On our way from Hyden to Kalgoorlie in WA the tour bus stopped many times for us to take photos.
The road followed this famous water pipeline which stretches 560 km from Perth through the arid interior to the gold mining town of Kalgoorlie. It was constructed by C. Y. O'Connor in 1890 and it was an incredible feat of engineering even by present day standards. The steel was imported from England. It took months for them to come by sea.
We were surrounded by wildflowers.
We pulled into a small town called Southern Cross for morning tea. It was one of the first gold mining towns to develop, supplying provisions for the miners trekking further on to the gold fields of Coolgardie and Kalgoorlie. (Don't you love the sound of those names?)
|The Club Hotel, Southern Cross.|
I love the way these country towns have renovated the old hotels back to their original glory.
The gardens in the town were awash with colour.
Back on the road again, there were more wild flowers to see.
I have never seen such a variety of native plants all growing together. In one square metre you could find dozens of different plants.
So many and so beautiful.
The popular story that has been taught in schools for many years is that O'Connor committed suicide because the water didn't come through when he said it would and that the pipeline was a failure. But that's not true at all, of course. He knew exactly how long the water would take to get through. He knew.ReplyDelete
Such pretty flowers, lovely Hotel, lots of them there :)ReplyDelete
Water, that really was a problem for that area years ago.
so much beauty, and I like that hotel. I love old buildings and it makes me happy to see them saving them.ReplyDelete
The path along the pipeline looks already golden ! The flowers are beautiful and I love the architecture of the Club Hotel.ReplyDelete
Super flowers, the pipeline is special.ReplyDelete
Beautiful flowers and lovely hotel! An Eden created in a desert :)ReplyDelete
I think our world is soo amazing! not only the hard-scapes..the mountains, rivers and such are so different, but even what I call the soft-scapes..the flowers and the birds..thanks for always explaining and teaching us as we travel along with you!ReplyDelete
But did he commit suicide anyway for some other reason? I always thought the John Forrest was involved somehow and there were political shenanigans involved ...ReplyDelete
I agree about those lovely old hotels, Diane. Just sooo many have been renovated wonderfully. Must cost the owners a fortune.
Great shots Diane.ReplyDelete
I hope the Club Hotel's air-conditioning is not prone to break downs. Your beer would get warm very fast in that place.
I wonder how long water does take to get from Perth to Kalgoorlie????
The purple flowers look like "Paterson's Curse" to me, does anyone know if they are or not?
The water pipeline is amazing and those wildflowers are so pretty. I have enjoyed catching up on your adventures Diane and thank you for stopping by with your sweet comments after my father-in-law's heart operation.ReplyDelete
The flowers are absolutely gorgeous, and your pictures are superb. The story of the water pipeline is interesting. You're right -- that was an amazing feat of engineering.ReplyDelete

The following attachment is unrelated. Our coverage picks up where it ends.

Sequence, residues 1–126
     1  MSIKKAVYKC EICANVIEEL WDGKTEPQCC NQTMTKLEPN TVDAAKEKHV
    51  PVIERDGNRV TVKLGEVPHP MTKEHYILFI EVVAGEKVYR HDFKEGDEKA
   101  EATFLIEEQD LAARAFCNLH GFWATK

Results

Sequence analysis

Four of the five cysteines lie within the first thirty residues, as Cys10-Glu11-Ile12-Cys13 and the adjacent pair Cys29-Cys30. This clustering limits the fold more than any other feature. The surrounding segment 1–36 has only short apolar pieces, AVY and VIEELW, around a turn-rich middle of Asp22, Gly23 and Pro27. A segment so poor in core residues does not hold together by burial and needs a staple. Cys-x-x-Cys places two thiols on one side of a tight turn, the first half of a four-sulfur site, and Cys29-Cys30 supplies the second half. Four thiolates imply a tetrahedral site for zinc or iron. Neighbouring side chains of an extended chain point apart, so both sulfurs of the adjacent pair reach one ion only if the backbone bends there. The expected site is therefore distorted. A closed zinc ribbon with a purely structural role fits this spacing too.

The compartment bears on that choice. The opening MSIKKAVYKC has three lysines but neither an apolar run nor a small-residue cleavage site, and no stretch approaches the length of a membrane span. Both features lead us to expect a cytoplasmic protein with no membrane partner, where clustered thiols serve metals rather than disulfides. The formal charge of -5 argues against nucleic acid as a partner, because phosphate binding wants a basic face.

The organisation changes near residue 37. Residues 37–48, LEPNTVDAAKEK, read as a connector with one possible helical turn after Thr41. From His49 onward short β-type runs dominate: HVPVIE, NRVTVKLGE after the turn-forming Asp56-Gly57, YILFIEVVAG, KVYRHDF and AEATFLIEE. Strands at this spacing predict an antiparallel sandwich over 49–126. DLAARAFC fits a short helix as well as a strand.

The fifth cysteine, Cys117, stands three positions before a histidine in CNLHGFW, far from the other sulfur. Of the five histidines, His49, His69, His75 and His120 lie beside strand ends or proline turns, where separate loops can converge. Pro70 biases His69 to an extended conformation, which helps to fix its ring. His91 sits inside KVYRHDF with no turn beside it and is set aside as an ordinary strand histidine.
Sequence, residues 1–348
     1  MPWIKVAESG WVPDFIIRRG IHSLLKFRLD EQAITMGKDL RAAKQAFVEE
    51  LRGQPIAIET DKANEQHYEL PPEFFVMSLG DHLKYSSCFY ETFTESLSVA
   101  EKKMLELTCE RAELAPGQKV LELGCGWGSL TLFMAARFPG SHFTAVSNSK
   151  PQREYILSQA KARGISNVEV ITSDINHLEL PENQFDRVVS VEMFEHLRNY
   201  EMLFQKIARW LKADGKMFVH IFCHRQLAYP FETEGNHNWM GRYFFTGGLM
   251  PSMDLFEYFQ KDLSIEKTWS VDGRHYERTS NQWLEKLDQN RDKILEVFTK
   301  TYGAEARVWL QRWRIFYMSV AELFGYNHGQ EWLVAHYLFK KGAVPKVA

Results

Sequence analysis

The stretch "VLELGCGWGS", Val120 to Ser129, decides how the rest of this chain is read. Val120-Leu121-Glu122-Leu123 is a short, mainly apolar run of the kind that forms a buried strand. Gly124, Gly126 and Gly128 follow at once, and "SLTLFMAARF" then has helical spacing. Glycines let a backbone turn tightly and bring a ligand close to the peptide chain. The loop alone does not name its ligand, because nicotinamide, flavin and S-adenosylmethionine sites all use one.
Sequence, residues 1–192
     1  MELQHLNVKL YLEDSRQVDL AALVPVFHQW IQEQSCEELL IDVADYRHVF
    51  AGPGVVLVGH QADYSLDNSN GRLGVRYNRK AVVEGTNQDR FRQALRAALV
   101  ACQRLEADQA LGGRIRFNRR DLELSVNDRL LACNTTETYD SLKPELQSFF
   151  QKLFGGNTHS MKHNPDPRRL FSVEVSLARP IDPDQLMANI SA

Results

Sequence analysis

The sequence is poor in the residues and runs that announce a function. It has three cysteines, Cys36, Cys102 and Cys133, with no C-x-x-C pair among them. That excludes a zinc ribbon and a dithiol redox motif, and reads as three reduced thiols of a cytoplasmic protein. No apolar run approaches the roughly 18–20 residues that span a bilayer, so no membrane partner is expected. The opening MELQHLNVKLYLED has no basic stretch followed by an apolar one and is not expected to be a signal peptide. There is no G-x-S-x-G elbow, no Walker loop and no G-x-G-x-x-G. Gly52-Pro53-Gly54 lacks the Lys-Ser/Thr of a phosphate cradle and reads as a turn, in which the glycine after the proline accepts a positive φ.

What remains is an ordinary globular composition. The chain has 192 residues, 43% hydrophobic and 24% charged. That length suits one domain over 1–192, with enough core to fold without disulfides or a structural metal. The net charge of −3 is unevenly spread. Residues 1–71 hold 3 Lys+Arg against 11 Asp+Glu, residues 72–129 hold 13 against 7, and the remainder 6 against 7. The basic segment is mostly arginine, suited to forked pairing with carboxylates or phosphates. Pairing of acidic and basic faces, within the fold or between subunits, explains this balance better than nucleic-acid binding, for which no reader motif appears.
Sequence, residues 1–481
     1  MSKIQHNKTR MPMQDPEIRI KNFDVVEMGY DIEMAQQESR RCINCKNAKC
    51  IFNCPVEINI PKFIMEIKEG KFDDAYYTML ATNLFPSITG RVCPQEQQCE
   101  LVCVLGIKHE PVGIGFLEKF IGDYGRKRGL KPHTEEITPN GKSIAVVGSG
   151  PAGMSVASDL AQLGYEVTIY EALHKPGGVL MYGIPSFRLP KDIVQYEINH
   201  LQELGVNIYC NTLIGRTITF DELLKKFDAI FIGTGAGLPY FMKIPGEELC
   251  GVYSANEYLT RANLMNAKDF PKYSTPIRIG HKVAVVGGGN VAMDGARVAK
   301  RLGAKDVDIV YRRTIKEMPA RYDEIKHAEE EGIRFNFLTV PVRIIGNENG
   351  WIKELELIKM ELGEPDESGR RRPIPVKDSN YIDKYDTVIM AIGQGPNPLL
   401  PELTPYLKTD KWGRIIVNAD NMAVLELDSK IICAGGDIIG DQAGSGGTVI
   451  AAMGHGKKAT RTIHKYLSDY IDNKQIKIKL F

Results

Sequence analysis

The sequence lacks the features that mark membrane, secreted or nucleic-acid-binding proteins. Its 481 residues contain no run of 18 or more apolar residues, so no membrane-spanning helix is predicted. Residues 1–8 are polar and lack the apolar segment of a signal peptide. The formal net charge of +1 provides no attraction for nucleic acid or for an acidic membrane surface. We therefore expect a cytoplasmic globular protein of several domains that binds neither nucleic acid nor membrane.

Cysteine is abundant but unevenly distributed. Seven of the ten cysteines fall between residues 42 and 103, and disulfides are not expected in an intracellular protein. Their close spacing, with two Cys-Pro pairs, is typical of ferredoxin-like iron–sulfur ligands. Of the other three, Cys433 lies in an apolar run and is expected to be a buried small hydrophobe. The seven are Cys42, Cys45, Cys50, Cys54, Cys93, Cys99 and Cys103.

The wild flowers were fantastic - great pics. Love the hotel too - nice architecture.ReplyDelete
Julie, Yes he did commit suicide. It was political. Seemed a shame after all the hard work he did for WA.ReplyDelete
It is not Patterson's curse. We did see that in the farming lands but not in the bush. I think this is called Lechenaultia biloba
It's amazing to think that pipe-line was build in the late 1800's - it has served it's purpose well over many years. Such pretty wildflowers.ReplyDelete
You guys put me to shame - here I've been in this state since '86 and I haven't to a fraction of the places that you have!ReplyDelete
Soakingly wet day here today.
Such lovely flowers. And such lovely photos.ReplyDelete
Just a quick note to let you know I found a few minutes to check in and see where you have been traveling. What wonderful adventures you are blessed to have. I love reading and seeing some of the sights you see!!!ReplyDelete
Ooh. I've missed so much of your adventures - I will find time to back track. All so different from anything I've ever seen. I like the little pink flower like a brush.ReplyDelete
I do love the sound of those names! And I love the flowers. And imagine building that pipeline way back then. Amazing bit of history.ReplyDelete
An adventure indeed Diane. Great shots of some amazing wildflowers.ReplyDelete
Those photos of wildflowers are amazing! How lucky you were to see such an abundance of natural beauty. Cheers from Long Island, NY,ReplyDelete
Wow, the horizon is so perfectly straight and flat in that first photo! I don't think I've ever been out in the middle of such flat country, though we certainly do have such here in the States too. I wonder what it feels like in person? All these colorful flowers are amazing. Isn't it interesting what variety there is, even in a dry and wild place like you were visiting.ReplyDelete
I am surprised by the diversity in our huge country! Beautiful Bloggong Mum.ReplyDelete
So many beautiful wildflowers, it does look like you were surrounded by them. I love that old hotel.ReplyDelete
Wow, the wildflowers are lovely. What a pretty collections of flowers and colors. Wonderful photos.ReplyDelete
Each flower seems more beautiful than the last! :-) So wonderful that they have kept up the old hotels. That is a really lovely balcony.ReplyDelete
Aren't the flowers lovely and showy ... not right down on the ground like the dessert plants.ReplyDelete
Wow, there certainly was a fantastic selection of wildflowers in that area. Great shots.ReplyDelete
My mother is from WA, and her love of WA wildflowers is legendary!! Nothing else will ever match them - according to her - and your pix start to show me why!!ReplyDelete